Bahrain City Guide

by Travelbag on 09 March 2018, 14:03PM

Bahrain City Guide

bahrain and dhow boat

Floating in the Gulf at a midpoint between Saudi Arabia and Qatar is Bahrain; Asia’s third smallest country. Once the Garden of Eden, it combines all the glitz and glamour of its wealthier (and bigger) neighbours (think a mini-Dubai) with a history that’s well steeped to say the least.

Most visitors won’t stray beyond the main island, attached to the Saudi Arabian City Al Khobar by the King Fahd Causeway. You could argue there’s no need to. The capital Manama (on the north of the main island) is interwoven with the heritage of the once lucrative pearling industry. Combine this with well placed investment in glitzy hotels and sleek restaurants and the appeal of a Bahrain holiday is hard to miss. But Bahrain is formed of 33 islands, so those in search of adventure should get out of the city and explore the little know archipelago. We’ve rounded up some key places to visit in Bahrain, from the treasures of museums and souqs to pearls hidden beneath the Gulf’s waves.

 

Fortified history

bahrain fort

Start in Manama, where the Bahrain International Airport is. Just around the corner is the Bahrain Grand Prix (8th April 2018), a flickering candle of sorts that draws the moths in. But there’s a lot more to this city than the annual visit of high-powered cars. Take your feet off the pedals and amble along the walls of the striking Bahrain fort, a UNESCO World Heritage site. It’s got a smattering of worldly fingerprints all over it from the Kassites and Greeks to the Portuguese and Persians. Historical feats such as these give an edge to a Bahrain holiday over other popular cities in the Middle East like Dubai and Abu Dhabi.

Qal'at al-Bahrain (Bahrain Fort) opening hours: daily 8am – 6pm

 

Bahrain National Museum and the Beit Al Quaran

bahrain museum

Take your history lessons a step further at this museum down on the waterfront. Some of its contents are collected from nearby burial mounds and stretch back some 5,000 years. The burial mounds are free to enter (various locations on the main Bahrain island) and the museum entry is a bargain at around £2. Housed in a post-modern building there’s an exhibit on storytelling and folklore, sculpture and art pieces and a sizeable satellite photo of Bahrain on the first floor. A couple of kilometres away from the water is the Beit Al Quran Museum that exclusively features Islamic arts with a focus on Qur’anic manuscripts. It’s widely regarded as one of the most renowned museums in the region and indeed the world.

Opening times: Tuesday – Sunday 8am – 8pm, closed Mondays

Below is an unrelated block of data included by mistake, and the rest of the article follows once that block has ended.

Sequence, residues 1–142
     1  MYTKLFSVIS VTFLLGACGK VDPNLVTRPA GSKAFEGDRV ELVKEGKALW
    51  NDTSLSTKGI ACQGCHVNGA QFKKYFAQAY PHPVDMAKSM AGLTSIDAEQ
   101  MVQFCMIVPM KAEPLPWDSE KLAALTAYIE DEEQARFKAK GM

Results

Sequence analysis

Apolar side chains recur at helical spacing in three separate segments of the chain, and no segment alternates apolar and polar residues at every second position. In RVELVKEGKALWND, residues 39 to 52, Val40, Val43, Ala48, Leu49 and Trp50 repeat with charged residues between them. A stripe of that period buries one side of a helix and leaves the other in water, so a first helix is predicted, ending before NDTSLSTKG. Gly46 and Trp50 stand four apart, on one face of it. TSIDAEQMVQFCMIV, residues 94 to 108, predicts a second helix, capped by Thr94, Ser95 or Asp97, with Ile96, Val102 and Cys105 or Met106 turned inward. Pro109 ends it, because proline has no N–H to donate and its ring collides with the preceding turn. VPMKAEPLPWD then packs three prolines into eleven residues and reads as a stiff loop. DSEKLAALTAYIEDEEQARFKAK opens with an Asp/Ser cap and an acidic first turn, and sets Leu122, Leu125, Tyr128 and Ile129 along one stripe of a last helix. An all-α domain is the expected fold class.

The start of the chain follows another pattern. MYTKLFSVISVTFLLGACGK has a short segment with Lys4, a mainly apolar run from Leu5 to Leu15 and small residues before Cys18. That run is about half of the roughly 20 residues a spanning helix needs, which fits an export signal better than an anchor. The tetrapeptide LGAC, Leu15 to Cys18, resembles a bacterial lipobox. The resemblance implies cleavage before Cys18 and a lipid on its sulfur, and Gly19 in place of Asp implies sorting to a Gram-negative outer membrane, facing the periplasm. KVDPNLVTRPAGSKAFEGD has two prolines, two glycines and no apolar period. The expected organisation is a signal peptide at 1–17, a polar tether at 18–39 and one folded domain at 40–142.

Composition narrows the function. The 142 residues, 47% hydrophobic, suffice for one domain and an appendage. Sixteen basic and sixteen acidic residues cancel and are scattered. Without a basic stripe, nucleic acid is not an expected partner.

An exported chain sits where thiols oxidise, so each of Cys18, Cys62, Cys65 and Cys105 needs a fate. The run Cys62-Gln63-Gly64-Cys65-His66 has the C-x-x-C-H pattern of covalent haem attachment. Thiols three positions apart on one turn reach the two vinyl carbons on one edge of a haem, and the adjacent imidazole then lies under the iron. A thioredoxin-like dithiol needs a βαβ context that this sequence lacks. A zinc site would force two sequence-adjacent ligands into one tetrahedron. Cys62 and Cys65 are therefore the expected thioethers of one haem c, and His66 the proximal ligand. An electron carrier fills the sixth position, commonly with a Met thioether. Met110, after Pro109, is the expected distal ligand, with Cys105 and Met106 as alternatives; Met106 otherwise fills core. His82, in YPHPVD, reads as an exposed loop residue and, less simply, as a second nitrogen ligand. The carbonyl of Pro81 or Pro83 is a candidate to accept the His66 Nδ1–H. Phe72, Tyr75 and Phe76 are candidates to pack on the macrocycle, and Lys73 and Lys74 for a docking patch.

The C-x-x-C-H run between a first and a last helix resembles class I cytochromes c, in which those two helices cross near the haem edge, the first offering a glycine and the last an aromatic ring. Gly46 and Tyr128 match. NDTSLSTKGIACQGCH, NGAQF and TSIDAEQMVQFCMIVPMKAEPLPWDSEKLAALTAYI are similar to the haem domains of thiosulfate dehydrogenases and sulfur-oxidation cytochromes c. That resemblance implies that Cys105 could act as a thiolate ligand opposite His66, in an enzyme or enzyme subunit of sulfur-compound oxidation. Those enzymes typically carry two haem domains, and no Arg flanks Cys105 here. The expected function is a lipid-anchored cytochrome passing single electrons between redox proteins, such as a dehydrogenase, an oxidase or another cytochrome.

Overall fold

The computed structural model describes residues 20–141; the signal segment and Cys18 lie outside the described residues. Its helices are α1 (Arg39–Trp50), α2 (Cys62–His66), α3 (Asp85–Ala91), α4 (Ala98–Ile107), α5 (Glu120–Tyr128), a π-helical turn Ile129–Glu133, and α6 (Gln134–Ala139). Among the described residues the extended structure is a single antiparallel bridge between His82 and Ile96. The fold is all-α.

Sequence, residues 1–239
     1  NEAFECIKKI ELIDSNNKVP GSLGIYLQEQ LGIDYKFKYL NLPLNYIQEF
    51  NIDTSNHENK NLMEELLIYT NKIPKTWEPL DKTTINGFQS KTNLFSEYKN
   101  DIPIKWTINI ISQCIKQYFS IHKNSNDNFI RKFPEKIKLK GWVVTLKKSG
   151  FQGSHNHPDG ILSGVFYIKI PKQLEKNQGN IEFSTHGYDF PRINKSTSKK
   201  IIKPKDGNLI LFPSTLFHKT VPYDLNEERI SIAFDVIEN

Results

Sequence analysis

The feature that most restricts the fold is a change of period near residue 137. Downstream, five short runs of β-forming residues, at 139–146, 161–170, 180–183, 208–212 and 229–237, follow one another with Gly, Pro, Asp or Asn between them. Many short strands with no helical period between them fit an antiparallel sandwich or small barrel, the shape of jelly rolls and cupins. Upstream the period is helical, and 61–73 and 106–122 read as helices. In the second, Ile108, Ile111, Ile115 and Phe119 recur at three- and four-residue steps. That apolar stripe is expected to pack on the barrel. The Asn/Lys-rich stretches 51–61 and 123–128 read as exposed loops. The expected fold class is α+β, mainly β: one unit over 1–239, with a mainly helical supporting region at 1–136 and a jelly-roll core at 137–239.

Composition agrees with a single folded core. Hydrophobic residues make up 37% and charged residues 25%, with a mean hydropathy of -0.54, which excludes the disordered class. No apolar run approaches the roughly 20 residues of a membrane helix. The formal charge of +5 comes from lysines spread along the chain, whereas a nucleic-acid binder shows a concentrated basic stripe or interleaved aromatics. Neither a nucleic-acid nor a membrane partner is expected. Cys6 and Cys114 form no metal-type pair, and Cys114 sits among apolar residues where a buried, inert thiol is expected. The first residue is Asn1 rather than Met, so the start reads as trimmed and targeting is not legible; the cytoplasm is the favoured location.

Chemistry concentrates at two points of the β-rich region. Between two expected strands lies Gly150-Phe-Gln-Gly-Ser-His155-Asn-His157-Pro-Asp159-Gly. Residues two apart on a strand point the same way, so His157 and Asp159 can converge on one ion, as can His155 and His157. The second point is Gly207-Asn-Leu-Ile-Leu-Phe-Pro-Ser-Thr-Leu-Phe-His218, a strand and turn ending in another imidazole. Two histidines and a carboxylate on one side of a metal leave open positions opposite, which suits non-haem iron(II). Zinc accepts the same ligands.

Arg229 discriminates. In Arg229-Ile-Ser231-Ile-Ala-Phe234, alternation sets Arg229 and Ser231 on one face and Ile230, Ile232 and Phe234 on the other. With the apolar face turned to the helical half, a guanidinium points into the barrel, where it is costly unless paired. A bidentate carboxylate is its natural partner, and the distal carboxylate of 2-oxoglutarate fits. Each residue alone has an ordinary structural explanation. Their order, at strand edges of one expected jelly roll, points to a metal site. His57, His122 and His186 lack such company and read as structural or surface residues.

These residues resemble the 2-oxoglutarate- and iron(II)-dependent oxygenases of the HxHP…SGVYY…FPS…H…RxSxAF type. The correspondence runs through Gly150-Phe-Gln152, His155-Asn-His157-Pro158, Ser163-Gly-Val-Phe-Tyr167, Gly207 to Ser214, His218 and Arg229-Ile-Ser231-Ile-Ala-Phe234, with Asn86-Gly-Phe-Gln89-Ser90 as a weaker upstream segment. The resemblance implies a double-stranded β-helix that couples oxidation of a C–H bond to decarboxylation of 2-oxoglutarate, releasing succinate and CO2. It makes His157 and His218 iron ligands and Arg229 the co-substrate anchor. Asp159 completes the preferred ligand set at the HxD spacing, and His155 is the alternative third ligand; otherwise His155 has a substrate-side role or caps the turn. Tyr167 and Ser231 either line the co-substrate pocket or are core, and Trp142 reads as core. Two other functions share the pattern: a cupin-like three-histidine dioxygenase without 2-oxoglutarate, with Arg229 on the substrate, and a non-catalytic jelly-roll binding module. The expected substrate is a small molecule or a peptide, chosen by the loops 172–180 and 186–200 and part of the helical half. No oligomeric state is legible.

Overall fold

Pearling Trade

pearling trade

You’d be hard pressed to take a trip to Murharraq (northeast of downtown Manama) and not come into contact with some sort form of pearling heritage. Whether that’s the waters of the Gulf and the oyster beds that lie beneath or the shipyards, merchant houses and markets leftover from what was once a lucrative business. Diving excursions are available with local guides but fear not, you won’t have to have a weighted device strapped to your person nor will you have to remain submerged for more than a minute with little more than a nose clip. You can keep up to 60 oysters for yourself and get their contents valued aboard ship.

How: You need to purchase a pearl diving pass from Ras Rayyah, we recommend doing so in advance

 

Hotels and Accommodation

city centre

Bahrain is a good host by necessity, for hundreds of years it’s been an important point along vital trade routes between east and west. The only difference between then and now is that Manama’s skyline has become jagged and spiked with skyscrapers. The best hotels in Bahrain have put luxury and opulence to the foreground much like the accommodation options of Dubai and Abu Dhabi. Just take a look at the luxurious and glamorous Ritz-Carlton Bahrain Hotel & Spa that sits on its own island. The most opulent options are generally focused alongside it in the city centre with views of the gulf. Murharraq has more of an old town feel, room interiors are just as opulent but the building exteriors speak of times of old when wealthy pearling merchants built themselves fine houses with geometric design and engraved walls.

 

Shop: Pearls and Gold

pearls

For something local, head into Bab al-Bahrain where you can window shop without the glass. It translates as ‘gateway to Bahrain’ which is true historically as well as getting a feel for things locally today. Manama Souq has got the traditional perfumes, jewellery, carpets and cafes. Save purchases for after you’ve dropped into the Bait Khalaf, a typical example of a pearl merchants living quarters from the 20th century. There are numerous more restoration projects such as this one throughout the city, some still ongoing. Feast your eyes on precious commodities like gold in the Gold Souq where nuggets are weighed out on tiny scales. Al Hashimi Pearls is the place to be if you want to see some of the finest pearl jewellery specimens available such as necklaces, bracelets and brooches.

 

The Tree of Life

tree of life

Stranded far away from any other form of life, atop the highest point in Bahrain, is the mysterious tree of life. It’s 32 feet tall and defies reason by growing despite no obvious source of fresh water or nutrients (it’s roots cling to sand) in high desert temperatures. Beyond its following that claim it to be mythical, even magical, it’s one of Bahrain’s top tourist icons, adorning artist’s canvas’ and souvenirs alike. Enki the God of Water is said to water and protect the tree which according to tree rings studies is over 400 years old.

How to get there: The tree grows a mile or so outside of Jebel Dukhan and is signposted on an otherwise featureless desert highway.


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